So far as the Graroe, Inc., contract and the other correspondence, contracts and conversations surrounding the transaction are concerned, these would seem to be important as establishing and determining the nature of the obligation insured. The policy, in Rider No. 1, refers to a certain obligation. It so happens that that obligation arose out of a complicated series of letters, conversations and contracts. It was inevitable that the entire transaction should be examined and opened up, in order to establish and identify the subject matter of the insurance policy.
Seventh. Settlement with Graroe, Inc. — We find no evidence in the record that this alleged Graroe settlement ever became effective. The trial court properly instructed the jury to disregard defendant's eighth defense, which was based upon such a settlement.
Eighth. Allowance of a Credit for the Tools and Right of Subrogation. — It appears that Bohn is still in possession of the tools. According to the contract between Bohn and Graroe, Inc., the tools were to be the property of Graroe. It is argued that the insurance company should be allowed a credit for the invoiced price of the tools. The body of the policy purports to insure Bohn "against loss as herein limited and defined." Paragraph 8 of the policy provides: "To ascertain the net loss in any adjustment under this policy, there shall be deducted from the gross loss covered and proven under this policy: * * * (2) the invoiced price of goods returned, replevined, or repossessed in any manner."
If we were dealing with a claim arising out of a shipment of washing machines from Bohn to the Beaudette Graham Company after the policy had become effective, the situation might be different. As we have stated, however, Rider No. 1 changes the nature of the coverage materially. The policy is made to cover a $30,000 obligation theretofore incurred. It becomes in the nature of a suretyship contract rather than a policy of credit insurance. As we have heretofore stated, the agents of the company had full knowledge of the transaction. They knew that the tools were not to be shipped by Bohn to the Beaudette Graham Company as was contemplated by the body of the policy, where it is provided: "Which loss shall consist of the unpaid purchase price of the insured's bona fide sales of tools and equipment * * * shipped during the term beginning the fifteenth day of November, 1928, and ending the fourteenth day of November, 1929, and delivered to the debtor."
The agents of the insurance company knew that the tools were to be the property of Graroe, Inc., under the Graroe contract.
The $30,000 obligation had been established before the policy was written. The insurance company knew that the tools were to remain in the possession of Bohn. If this fact gives rise to a credit against the obligation of the invoiced price of the tools, the policy was worthless, since the cost of the tools purchased by Bohn exceeded $30,000.
To state the proposition in another way: The policy is the straight form of credit insurance, purporting to protect against loss arising from a contemplated series of sales and deliveries of merchandise by the insured to a prospective debtor. The rider, on the other hand, is in the nature of a suretyship contract, where the insurance company becomes a surety upon an existing promissory note; it being fully understood when the rider was issued that the note was not given as the consideration for the merchandise shipped or to be shipped to the debtor, but as reimbursement for the cost of tools to be used by the creditor for the debtor and that such tools were to remain in the possession of the creditor and were to belong to a third party.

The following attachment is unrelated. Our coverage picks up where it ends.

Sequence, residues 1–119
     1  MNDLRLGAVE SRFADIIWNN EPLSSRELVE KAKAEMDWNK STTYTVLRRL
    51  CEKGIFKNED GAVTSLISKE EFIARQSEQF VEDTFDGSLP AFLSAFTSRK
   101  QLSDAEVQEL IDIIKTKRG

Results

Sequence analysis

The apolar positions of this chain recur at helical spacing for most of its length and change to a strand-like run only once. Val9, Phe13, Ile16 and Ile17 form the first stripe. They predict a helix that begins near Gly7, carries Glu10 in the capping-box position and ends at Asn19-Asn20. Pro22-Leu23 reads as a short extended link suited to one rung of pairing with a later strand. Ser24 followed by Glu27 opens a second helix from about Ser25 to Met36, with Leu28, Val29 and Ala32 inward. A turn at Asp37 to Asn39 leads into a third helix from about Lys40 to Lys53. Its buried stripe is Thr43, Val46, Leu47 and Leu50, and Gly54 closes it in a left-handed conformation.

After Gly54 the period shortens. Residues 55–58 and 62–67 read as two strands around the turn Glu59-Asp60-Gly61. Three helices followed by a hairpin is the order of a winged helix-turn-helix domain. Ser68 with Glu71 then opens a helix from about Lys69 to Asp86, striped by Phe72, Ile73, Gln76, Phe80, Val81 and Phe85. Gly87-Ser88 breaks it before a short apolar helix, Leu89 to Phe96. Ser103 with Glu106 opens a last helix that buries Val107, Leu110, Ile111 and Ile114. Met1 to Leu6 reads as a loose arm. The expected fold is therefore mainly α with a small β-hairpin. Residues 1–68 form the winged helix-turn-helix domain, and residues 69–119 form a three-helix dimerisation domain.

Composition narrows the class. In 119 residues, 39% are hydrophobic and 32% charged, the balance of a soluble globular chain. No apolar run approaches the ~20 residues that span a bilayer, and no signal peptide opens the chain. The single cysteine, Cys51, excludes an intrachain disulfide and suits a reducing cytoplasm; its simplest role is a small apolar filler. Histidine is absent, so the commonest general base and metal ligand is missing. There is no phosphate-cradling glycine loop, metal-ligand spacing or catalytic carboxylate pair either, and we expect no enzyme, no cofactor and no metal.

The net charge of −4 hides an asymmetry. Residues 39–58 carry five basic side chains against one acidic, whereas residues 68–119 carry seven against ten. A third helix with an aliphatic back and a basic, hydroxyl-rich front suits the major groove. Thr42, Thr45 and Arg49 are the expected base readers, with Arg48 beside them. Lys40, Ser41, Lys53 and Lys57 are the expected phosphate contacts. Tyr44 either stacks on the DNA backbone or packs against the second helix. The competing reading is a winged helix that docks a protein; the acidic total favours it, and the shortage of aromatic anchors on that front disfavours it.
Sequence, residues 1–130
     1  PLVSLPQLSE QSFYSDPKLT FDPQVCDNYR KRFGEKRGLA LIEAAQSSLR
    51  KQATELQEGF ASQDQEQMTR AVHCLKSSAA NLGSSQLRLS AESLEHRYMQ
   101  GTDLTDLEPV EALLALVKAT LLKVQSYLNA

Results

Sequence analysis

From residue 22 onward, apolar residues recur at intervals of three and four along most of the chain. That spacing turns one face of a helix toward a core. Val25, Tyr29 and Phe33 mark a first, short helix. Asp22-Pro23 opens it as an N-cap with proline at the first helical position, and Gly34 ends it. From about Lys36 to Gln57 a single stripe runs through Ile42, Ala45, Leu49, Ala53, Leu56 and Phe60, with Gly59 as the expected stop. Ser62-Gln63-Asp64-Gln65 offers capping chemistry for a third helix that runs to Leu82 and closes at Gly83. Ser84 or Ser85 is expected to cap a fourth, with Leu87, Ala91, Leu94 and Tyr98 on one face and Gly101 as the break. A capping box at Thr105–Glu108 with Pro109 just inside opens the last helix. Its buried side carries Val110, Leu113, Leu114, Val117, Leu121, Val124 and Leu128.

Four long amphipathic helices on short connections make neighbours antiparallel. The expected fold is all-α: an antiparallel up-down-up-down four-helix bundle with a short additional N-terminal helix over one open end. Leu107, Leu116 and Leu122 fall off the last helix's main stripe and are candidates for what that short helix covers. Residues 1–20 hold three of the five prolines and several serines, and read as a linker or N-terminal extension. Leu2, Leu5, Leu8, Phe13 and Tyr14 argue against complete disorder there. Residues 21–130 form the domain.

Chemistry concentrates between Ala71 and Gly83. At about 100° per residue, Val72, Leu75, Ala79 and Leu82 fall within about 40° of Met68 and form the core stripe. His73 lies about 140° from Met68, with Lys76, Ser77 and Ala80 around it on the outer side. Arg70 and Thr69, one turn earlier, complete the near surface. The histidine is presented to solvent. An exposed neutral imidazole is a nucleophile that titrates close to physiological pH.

In view of the rider whereby the insurance company undertook to become a surety upon this $30,000 obligation, we cannot agree that Bohn's loss, within the meaning of the policy, is to be determined by deducting the cost of the tools remaining in his possession.
Whether the insurance company will be entitled to the tools upon payment of Bohn's claim, we cannot decide in this action. It appears that according to the contract between Bohn and Graroe, Inc., the tools were to be the property of Graroe. Graroe is not a party to this suit. The insurance company's right to the tools will depend upon the legal relation of the Beaudette Graham Company to Graroe, Inc. If the Beaudette Graham Company was merely a third party furnishing the consideration to Bohn for a purchase of tools for Graroe, Graroe might conceivably be entitled to the tools as against the Beaudette Graham Company and as against the insurance company. If, on the other hand, the Beaudette Graham Company was guaranteeing the purchase of the tools by Graroe, Graroe would be the party ultimately liable, and the insurance company through Beaudette Graham Company would have a claim against Graroe, Inc., for reimbursement, or in default of payment for the tools.
These matters cannot be determined in a suit to which Graroe, Inc., is not a party. Whether the Beaudette Graham Company guaranteed the Graroe account depends upon the proper construction to be placed upon the various conversations and documents involved in the transaction. As we have stated, it appears affirmatively that the agents of the insurance company were familiar with these documents.
Instruction No. 7 requested by the defendant was given by the court as follows: "I charge you that if you find from all the evidence that the insured has purchased for account of Beaudette Graham Company tools amounting to $30,000 and said Beaudette Graham Company has given the insured its note for $30,000 in settlement therefor, and you find further that the tools were not delivered to Beaudette-Graham Company by Bohn, but were by said Bohn kept and held in his own possession as his own property, then you shall allow a credit to the defendant for the invoice price of said tools so kept by said Bohn."
Again the insurance company cannot complain of the form of its own special instruction. The jury's verdict apparently involves a finding that the Beaudette Graham Company was not entitled to the tools as against Bohn. This is in accordance with the Graroe contract, providing that the tools shall be the property of Graroe.
Upon this long and voluminous record, with its mass of exhibits, comprised of numerous letters, contracts, documents and written instruments, we think the trial court submitted the matter to the jury with commendable care and committed no error of so serious a character as to be prejudicial to the rights of the insurance company justifying a reversal. The judgment of the Court of Appeals, affirming the court of common pleas, will therefore be affirmed.
MARSHALL, C.J., JONES, MATTHIAS, ALLEN, KINKADE and STEPHENSON, JJ., concur.